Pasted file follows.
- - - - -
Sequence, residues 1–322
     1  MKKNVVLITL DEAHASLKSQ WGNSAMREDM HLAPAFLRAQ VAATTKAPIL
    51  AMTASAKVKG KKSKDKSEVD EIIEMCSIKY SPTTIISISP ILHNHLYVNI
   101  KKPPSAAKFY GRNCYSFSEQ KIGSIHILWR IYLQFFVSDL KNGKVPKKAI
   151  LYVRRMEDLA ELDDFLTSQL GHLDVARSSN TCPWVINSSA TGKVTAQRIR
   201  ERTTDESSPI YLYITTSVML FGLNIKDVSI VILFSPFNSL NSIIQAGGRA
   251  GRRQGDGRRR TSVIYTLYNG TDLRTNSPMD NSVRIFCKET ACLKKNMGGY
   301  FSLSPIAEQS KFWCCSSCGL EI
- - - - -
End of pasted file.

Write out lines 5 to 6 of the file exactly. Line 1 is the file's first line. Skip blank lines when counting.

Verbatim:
   151  LYVRRMEDLA ELDDFLTSQL GHLDVARSSN TCPWVINSSA TGKVTAQRIR
   201  ERTTDESSPI YLYITTSVML FGLNIKDVSI VILFSPFNSL NSIIQAGGRA